This website is dedicated to the ongoing struggle of the residents of Concord West – in the city of Vaughan, Ontario – to preserve from destruction the area’s already much ravaged natural heritage, as well as the cultural heritage and the way of life of the community itself.
Concord West is the residential area east of Keele, south of Highway 7, west of the CN line, and north of Jardin. It encompasses 387 households, which – counting 2.5 persons per household – translates into a population of over 1000. It is a vibrant community with long-standing roots and connections within the city of Vaughan, strong inter-personal ties and a lively social life.
Many of the Concord West families have lived there – in the same houses – for up to seven decades. Though presently the community is quite diverse in its ethnic origins, the old-time residents came predominantly from Italy, and acquired their piece of ground and their house through hard physical labor – as metal-workers, stone-workers, miners, etc. Many of them use their plots of land to grow their own fruits and vegetables, use the wood of their own trees to supplement the heating of the house, do their own house-repairs and house-improvements, and employ whatever skills they have to maintain their equipment in working order for as long as possible. In other words, their way of life is what would properly be called sustainable before the term got hijacked by development consortia, SmartCentres, and other big commercial interests.
The struggle which is the subject matter of this website – a struggle begun through an initiative of the Concord West Seniors Club and subsequently taken up by the entire community of Concord West. Ontario – concerns an environmentally and communally significant greenspace lying to the east of Concord West, south of Highway 7 and west of the Upper Don River. The very existence of both the greenspace and this community is presently threatened by the Ministry of Transportation’s current plans to locate, on the land occupied by the greenspace, a giant intermodal (407 / bus / train) transportation hub.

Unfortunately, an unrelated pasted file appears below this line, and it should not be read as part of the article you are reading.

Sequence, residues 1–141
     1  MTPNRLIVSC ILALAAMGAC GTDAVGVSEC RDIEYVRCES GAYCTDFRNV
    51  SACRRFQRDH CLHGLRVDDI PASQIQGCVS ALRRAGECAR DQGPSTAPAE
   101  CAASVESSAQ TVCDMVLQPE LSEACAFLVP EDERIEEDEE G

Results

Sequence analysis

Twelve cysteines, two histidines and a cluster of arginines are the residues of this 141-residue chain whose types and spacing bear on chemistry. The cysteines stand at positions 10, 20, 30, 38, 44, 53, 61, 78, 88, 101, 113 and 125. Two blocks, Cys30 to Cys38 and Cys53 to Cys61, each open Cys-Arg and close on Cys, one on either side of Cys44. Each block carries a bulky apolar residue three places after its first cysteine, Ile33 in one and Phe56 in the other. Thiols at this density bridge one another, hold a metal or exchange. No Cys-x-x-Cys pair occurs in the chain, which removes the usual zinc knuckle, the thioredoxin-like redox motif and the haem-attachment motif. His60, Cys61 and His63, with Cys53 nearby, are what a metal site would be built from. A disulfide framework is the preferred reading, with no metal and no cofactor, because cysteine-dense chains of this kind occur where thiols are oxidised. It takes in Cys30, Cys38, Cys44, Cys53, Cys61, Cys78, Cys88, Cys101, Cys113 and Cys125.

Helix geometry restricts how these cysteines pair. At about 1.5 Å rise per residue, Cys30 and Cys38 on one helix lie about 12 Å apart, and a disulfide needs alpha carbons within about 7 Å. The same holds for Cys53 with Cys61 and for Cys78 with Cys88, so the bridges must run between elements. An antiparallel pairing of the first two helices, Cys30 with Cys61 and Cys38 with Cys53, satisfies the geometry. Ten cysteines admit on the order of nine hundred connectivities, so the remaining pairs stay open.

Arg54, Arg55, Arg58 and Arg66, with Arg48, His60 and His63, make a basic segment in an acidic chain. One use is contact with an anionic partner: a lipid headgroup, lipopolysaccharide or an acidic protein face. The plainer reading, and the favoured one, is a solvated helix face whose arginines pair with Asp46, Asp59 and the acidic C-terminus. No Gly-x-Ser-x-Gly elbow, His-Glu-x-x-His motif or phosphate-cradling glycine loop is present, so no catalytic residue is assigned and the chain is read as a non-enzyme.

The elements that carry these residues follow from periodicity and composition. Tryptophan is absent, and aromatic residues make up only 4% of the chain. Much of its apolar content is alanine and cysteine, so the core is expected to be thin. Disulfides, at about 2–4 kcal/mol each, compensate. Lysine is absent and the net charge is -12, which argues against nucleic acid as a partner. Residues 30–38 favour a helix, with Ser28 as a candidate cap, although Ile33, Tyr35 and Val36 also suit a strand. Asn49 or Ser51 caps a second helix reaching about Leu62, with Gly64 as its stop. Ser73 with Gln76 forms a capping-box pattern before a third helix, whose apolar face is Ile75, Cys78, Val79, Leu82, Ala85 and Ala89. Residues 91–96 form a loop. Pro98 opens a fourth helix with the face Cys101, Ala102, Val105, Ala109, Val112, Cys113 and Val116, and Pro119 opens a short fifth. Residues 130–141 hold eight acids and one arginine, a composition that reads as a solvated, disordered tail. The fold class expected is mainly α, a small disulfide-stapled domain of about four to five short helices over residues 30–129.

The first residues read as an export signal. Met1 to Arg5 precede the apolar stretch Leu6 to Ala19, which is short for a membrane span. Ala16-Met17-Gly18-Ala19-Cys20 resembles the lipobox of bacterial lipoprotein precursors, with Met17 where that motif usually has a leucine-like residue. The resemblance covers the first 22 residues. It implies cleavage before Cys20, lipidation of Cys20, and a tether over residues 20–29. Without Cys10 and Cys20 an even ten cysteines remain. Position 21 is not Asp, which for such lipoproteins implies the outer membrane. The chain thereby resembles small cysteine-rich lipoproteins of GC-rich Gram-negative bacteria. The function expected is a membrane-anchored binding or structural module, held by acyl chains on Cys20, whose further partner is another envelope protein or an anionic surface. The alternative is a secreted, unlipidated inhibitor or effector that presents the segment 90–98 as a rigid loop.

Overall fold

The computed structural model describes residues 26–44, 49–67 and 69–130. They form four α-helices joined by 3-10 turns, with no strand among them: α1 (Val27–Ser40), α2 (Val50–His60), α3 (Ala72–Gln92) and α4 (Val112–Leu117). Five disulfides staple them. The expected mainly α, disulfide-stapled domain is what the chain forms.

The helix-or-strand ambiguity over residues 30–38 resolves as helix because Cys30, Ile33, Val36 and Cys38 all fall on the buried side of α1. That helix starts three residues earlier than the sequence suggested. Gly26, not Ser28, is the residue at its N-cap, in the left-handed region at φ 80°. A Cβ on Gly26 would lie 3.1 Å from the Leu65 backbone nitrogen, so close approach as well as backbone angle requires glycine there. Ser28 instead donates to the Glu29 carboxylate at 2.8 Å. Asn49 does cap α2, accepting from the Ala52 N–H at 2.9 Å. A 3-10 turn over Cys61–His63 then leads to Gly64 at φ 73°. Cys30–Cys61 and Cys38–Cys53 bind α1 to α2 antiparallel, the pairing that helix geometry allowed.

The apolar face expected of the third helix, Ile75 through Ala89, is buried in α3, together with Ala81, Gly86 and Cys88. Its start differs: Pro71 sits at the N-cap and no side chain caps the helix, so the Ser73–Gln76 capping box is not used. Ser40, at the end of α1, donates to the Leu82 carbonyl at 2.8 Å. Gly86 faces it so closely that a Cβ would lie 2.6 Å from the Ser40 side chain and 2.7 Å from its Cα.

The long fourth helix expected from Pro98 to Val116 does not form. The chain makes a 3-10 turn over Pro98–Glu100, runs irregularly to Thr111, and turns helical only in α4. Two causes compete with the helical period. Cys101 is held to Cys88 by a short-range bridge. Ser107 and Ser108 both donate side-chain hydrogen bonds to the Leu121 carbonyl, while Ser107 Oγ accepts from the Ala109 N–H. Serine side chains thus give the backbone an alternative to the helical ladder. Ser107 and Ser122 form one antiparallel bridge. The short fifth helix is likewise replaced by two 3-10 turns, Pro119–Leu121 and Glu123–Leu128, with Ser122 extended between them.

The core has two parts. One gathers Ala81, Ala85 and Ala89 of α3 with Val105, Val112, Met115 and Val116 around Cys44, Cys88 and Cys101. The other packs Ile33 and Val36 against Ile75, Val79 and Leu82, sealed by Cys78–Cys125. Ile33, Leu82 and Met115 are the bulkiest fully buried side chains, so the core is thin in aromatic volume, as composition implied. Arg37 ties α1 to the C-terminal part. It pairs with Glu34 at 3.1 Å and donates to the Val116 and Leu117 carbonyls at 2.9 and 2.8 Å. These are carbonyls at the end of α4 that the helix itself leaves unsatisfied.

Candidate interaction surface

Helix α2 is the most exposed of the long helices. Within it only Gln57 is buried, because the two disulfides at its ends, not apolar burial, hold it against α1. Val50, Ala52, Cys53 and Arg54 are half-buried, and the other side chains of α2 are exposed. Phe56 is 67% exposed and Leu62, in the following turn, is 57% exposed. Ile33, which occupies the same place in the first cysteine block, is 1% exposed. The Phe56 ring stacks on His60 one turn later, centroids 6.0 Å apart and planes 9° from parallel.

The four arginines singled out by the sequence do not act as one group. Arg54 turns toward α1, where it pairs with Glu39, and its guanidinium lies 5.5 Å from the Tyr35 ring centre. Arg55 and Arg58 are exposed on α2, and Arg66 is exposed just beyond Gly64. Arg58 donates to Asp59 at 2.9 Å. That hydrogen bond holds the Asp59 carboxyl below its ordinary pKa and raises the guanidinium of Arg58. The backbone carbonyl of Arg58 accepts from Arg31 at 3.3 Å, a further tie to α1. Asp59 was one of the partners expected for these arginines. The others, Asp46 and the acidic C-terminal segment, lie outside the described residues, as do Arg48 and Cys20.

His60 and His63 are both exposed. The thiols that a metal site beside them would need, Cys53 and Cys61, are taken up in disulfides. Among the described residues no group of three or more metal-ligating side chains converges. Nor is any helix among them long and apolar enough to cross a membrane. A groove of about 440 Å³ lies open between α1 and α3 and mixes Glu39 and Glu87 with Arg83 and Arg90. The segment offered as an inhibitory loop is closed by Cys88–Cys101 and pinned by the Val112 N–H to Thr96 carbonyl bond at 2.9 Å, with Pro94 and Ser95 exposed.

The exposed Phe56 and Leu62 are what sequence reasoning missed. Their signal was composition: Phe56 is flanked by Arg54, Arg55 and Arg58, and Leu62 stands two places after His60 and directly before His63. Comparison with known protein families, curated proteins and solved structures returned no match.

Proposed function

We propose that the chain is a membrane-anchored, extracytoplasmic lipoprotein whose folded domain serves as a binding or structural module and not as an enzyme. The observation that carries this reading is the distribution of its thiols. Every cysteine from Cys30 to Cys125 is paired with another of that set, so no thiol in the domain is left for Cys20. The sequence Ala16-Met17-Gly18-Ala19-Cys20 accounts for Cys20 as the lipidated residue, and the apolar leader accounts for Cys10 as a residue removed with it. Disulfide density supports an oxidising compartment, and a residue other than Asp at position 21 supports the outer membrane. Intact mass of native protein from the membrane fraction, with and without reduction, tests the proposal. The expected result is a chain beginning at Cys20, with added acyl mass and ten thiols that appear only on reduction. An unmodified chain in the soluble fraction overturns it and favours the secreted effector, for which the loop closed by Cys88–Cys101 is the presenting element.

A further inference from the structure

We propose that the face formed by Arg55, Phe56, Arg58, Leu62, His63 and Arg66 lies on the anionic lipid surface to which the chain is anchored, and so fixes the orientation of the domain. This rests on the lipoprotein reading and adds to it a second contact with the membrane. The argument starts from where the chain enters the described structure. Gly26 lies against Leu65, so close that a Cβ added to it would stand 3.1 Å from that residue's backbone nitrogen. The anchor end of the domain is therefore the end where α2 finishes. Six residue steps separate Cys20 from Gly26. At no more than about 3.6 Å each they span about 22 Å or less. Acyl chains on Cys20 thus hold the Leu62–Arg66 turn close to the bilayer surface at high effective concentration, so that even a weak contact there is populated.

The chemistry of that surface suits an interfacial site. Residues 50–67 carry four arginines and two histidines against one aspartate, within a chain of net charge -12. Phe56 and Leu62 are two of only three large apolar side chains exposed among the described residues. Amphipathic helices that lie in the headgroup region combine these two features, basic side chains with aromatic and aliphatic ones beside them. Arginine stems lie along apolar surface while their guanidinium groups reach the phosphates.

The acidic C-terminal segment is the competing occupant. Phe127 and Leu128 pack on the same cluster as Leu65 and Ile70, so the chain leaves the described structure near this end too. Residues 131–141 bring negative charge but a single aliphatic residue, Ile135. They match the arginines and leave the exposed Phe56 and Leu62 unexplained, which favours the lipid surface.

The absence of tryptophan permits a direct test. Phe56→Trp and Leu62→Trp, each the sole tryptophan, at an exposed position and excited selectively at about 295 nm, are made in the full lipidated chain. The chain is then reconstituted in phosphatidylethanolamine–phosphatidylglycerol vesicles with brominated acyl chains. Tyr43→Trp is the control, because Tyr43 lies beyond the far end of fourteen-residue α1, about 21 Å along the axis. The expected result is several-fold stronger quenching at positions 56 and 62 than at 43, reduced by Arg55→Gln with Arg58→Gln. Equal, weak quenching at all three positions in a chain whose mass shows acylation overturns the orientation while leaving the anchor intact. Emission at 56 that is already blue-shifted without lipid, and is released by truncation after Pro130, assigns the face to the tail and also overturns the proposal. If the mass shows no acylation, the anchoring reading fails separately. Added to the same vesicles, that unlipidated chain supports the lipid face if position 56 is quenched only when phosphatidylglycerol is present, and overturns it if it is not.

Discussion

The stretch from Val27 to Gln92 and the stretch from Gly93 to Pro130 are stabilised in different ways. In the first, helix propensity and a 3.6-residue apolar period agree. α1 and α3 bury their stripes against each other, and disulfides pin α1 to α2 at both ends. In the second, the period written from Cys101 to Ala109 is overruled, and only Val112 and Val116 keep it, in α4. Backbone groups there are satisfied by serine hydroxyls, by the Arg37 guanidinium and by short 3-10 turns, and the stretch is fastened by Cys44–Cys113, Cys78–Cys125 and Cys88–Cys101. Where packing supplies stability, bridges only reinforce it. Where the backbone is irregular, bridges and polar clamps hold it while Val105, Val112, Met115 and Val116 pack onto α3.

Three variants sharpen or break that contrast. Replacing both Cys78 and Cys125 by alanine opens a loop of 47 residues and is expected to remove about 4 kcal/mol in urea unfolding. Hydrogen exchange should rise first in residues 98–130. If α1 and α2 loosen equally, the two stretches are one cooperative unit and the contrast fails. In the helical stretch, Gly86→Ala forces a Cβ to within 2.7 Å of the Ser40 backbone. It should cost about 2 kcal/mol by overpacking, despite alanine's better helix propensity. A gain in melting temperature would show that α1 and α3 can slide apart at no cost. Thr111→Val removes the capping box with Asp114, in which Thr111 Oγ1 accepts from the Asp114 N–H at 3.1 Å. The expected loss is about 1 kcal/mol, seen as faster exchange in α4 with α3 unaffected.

This land, which is presently owned by the Ontario Realty Corporation, is, for Concord West residents, the only local greenspace and breathing space located within walking distance. Before the small bridge over the Upper Don River was removed, this space was also enjoyed by Glen Shields residents. In addition, it constitutes – in principle, if it were properly managed – the only safe pedestrian connection between the Concord West community and (1) the Bartley Smith Greenway/Langstaff Ecopark, and (2) the Glen Shields community. Lying within the Don Watershed Plan, in a TRCA-regulated,ecologically sensitive area, and abutting the West Don River, it comprises part of the landscape habitat for the endangered Blanding’s Turtle, is home to numerous open-field, forest and wetlands birds species, is a feeding, staging and stopover site for numerous migratory birds, including the Special Concern Great Blue Heron, and for the monarch butterfly, now also protected by the Species at Risk Act.